Frank Soltis - Courtesy IBM
IBM chief scientist Frank Soltis says the next generation Power chip might have more in common with Cell than anything else

Techworld has an excellent in-depth interview with the original designer of the Power CPU, Frank Soltis.  Soltis details the origin of Power and where it thrived even though competitive architectures such as Alpha completely failed.  The rest of the interview mostly discusses the original plans of Power, and how the Power architecture not only thrived for the last 15 years, but also became the architecture of choice for desktop PCs, high density clusters and servers. 

Power's development over the last couple years has been largely overshadowed by Cell, but Soltis slips a little bit about the next generation Power chip:

Q: IBM is involved with Sony and Toshiba in the Cell processor. To what extent is the design of that chip a harbinger of future chips -- if at all?
A: Cell is an awesome chip. Its performance is most impressive. The design uses a single main processor and eight co-processors on a single chip. Although we will not see the current Cell chips used in our commercial servers, the design approach used in for Cell chip will play a big part in our future Power processor designs. Stay tuned.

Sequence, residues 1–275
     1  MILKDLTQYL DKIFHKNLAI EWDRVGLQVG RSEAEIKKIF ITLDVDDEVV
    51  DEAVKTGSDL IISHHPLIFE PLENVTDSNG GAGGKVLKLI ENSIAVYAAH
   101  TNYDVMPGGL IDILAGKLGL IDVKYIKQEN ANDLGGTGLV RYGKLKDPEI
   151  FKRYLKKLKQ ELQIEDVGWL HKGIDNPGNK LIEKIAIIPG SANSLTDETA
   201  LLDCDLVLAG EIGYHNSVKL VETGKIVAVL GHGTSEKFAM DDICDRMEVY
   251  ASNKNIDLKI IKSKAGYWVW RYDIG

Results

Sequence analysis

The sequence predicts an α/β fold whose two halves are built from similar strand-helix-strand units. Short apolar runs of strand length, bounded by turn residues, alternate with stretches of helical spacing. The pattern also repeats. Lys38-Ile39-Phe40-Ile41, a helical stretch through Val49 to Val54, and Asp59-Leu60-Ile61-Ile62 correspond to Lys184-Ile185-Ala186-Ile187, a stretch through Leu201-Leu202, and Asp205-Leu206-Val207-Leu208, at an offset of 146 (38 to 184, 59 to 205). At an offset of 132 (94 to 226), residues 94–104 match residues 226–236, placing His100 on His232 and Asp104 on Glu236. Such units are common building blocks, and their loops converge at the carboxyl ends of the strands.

Soltis stressed backwards compatibility during the interview.  The allusion to Cell playing a large part in future Power designs and servers almost screams to say that the next generation Power chip will likely have Cell components, such as SPE or its equivalent, but remain compatible with the Power architecture.  Stay tuned we will. 

"Well, there may be a reason why they call them 'Mac' trucks! Windows machines will not be trucks." -- Microsoft CEO Steve Ballmer

Latest Blog Posts
Top News
Saimin Nidarson - Dec 2, 2016, 5:00 AM
Top Stories
Saimin Nidarson - Nov 28, 2016, 1:12 AM
News: Fidel Castro
Saimin Nidarson - Nov 27, 2016, 5:00 AM
Top News
Saimin Nidarson - Nov 26, 2016, 5:00 AM
Top Stories
Saimin Nidarson - Nov 22, 2016, 2:26 AM
Headline News:
Saimin Nidarson - Nov 21, 2016, 1:00 AM

Copyright 2016 DailyTech LLC. - RSS Feed | Advertise | About Us | Ethics | FAQ | Terms, Conditions & Privacy Information | Kristopher Kubicki